Acing Life With Her Self-Confidence, Para Athlete Manasi Joshi On Her Journey To World Championship Pedestal
- IWB Post
- August 29, 2019
Update: 30-year-old Manasi Joshi was the talk of the town after she clinched her first gold at the BWF Para Badmintonship World Championships. Joshi withstood a tough challenge and beat experienced compatriot and defending champion Parul Parmar 21-12, 21-7 to ensure a top of the podium finish in the women’s singles SL3 category.
“To be honest, I wasn’t expecting to win but I was prepared [for the final]. I just had this one thing in mind that I have to be better than before. I didn’t have a particular strategy against her (Parmar) but it was in my mind that I needed to play better than what I did before. I’d worked extremely hard and I was sure my efforts were going to pay off,” Joshi told Scroll.in.
A career as a software engineer at its peak and the promise of a bright future – Manasi Joshi had it all at the young age of 22, but fate had something else in store for her. The year was 2011 when she met with an accident, which left her with broken arms, numerous other injuries and a crushed left leg. As her condition got complicated, her leg had to be amputated. Despite such a grave loss, nothing could break her steely spirit that just refused to accept defeat.
In 2010, she had competed in an inter-company badminton championship and won the gold. Following the accident, she continued her career as a software engineer and in 2012, three to four months after her recovery, she participated in the same tournament and won gold again. The victory gave her the path to her life’s mission and today she is a world champion badminton player and ranks number 2 in SL3 Singles.
What is her mantra for success, you ask? Well, all Manasi banks on is, “hard work, persistence, learning from best people and self-belief.”
Excerpts from our chat with the gutsy wonder woman:
We at IWB are inspired by how you overcame every hurdle and still managed to retain your positive outlook on life at the same time.
I have a very good support system where everyone along with my family, friends, and colleagues supported me. I took small steps in my recovery right from healing to physiotherapy to rehabilitation.
The accident happened in Dec 2011, so the month of festivities was celebrated there. I celebrated my first anniversary of work with all my colleagues, who had come from Pune and Mumbai to be with me. I celebrated Christmas, New Year right in the hospital. There was not a single moment I was alone in the hospital. It was like a mela in room no. 108. Within a few months, I was back on my new feet and rolling myself in office and in some time I picked up badminton. I recovered from my injury in around 2012, and in 2015 I played my first international tournament
My siblings have been my support system. Even now my sister Nupur Joshi manages my profile and works on my sponsorship, my brother, who is also a badminton player, was my coach initially.
Such an amazing support system you have! But what about the naysayers who live to bring the morale of others down by their negative and demotivating talk?
Well, I tend to ignore unhealthy criticism and focus on my personal development more. I had no plan to break any myth or no plan to prove anyone my capabilities. I knew that if I could get through an accident, I could get through anything in life and that the next step was just learning to adapt. I had learned during my hospitalization how wonderful the human body is, how easily it adapts to a new situation. So If my body could adapt, all I had to do was train my mind that yes, I can do it.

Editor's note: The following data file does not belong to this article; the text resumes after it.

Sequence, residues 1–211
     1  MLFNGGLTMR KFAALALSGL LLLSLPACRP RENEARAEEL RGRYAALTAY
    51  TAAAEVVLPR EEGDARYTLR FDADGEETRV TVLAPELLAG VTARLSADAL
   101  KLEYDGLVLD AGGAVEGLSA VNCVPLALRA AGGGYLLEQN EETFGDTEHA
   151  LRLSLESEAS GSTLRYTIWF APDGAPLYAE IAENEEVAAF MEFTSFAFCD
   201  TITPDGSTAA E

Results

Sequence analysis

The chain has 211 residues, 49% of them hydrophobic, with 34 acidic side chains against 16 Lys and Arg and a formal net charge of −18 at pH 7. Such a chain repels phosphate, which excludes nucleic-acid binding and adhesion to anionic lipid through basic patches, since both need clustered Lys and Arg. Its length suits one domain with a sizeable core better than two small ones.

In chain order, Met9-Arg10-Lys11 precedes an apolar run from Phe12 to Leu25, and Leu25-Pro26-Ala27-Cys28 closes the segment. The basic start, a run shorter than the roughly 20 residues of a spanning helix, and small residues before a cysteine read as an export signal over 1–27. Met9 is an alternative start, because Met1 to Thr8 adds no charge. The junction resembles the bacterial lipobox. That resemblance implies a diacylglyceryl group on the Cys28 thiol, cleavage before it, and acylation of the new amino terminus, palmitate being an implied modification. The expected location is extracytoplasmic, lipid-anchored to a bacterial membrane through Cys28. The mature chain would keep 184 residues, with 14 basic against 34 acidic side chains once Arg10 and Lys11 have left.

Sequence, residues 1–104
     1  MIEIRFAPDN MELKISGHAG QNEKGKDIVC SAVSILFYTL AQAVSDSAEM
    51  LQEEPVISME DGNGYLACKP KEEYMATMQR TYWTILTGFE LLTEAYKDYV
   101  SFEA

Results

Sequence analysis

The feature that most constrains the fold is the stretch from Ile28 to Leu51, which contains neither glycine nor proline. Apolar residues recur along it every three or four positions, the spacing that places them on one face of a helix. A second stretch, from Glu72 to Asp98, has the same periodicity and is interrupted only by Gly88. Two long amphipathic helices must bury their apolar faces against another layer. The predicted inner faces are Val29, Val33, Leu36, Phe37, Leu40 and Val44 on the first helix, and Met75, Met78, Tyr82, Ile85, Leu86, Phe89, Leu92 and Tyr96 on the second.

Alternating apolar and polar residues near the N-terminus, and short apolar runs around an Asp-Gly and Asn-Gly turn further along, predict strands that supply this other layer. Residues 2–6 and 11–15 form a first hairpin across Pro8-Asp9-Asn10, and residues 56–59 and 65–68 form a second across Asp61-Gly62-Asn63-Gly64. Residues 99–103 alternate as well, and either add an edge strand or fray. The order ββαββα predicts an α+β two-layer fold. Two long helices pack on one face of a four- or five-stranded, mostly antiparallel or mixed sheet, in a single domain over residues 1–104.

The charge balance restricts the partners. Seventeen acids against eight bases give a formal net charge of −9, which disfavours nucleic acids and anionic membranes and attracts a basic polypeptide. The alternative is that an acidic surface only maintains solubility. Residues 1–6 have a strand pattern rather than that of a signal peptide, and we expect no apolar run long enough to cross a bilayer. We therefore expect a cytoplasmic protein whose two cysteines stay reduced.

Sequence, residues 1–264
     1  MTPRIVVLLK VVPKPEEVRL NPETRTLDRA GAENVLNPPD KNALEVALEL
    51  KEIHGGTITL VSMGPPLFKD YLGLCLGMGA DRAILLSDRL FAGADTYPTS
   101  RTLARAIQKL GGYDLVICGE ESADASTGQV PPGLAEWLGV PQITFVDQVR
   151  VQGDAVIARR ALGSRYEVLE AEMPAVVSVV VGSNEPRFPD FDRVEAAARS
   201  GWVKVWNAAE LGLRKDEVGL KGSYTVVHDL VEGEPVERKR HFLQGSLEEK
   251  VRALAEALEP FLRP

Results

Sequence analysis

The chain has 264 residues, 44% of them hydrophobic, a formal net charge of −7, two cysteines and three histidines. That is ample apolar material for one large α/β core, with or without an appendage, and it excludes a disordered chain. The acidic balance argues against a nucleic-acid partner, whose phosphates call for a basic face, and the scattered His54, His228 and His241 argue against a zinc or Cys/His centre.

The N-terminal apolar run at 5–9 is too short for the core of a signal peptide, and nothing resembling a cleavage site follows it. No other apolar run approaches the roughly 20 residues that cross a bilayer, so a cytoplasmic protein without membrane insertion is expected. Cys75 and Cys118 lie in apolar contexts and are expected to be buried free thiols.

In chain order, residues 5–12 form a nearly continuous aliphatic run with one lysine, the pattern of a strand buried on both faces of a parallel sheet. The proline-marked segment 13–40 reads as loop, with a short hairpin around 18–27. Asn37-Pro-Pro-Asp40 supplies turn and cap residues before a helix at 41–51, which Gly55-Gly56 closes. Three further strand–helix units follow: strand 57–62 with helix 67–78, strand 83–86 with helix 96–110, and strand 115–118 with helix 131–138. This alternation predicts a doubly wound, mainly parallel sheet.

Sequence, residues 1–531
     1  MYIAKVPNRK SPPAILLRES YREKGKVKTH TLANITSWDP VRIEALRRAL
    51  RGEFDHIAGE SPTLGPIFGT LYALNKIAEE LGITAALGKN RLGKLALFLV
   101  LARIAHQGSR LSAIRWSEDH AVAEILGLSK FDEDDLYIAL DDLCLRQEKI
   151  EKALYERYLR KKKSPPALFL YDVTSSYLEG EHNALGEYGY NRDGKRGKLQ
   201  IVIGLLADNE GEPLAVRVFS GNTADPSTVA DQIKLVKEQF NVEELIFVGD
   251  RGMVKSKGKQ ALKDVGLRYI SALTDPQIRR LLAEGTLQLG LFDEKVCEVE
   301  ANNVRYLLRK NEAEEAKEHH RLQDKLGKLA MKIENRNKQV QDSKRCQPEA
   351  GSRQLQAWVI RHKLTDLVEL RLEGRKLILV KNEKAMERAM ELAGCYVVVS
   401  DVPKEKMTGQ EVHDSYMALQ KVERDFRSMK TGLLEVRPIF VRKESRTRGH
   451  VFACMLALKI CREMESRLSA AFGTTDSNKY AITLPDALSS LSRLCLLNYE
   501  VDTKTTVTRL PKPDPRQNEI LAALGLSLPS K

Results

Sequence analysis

I read about the experiences of different people who had undergone similar situations and thrived. Though initially, I had no plan to play sport at an international level and work for Paralympics. I picked up the sport because my accident had made me a little sedentary and also, it gave me an opportunity to indulge in physical activity. I was just working every day to make my tomorrow better, never knowing that I was changing a whole lot of perceptions and inspiring people.
She has won many medals in the international circuit, with a silver and bronze in World Championship. She recently won Bronze in Asian Games and this year got 7 medals in 4 tournaments with 5 silvers and 2 bronzes.
I really dig your positive energy here. But while overcoming the mental and social barriers is on you, when it comes to funding the para-athletes, our government is not that keen.
The government is doing a great job in funding recognized athletes and supporting them with the best of facilities they can. But when it comes to para-sports and disability in general, there is a long way to go in terms of changing perceptions. But I feel that hard work never goes unrecognized. Even now, only one or two tournaments are funded by the government and we need to play almost 8-10 tournaments a year to maintain ranking.
When I started, I had done fundraisers on Ketto to fund my tournament. Now I have got corporates who fund my training and tournament expenses through CSR. I have been supported by Welspun India and Mallcom India who are currently taking care of my expenditure in sports participation. I am sure that now more and more corporates will start supporting para-athletes through their CSR activity.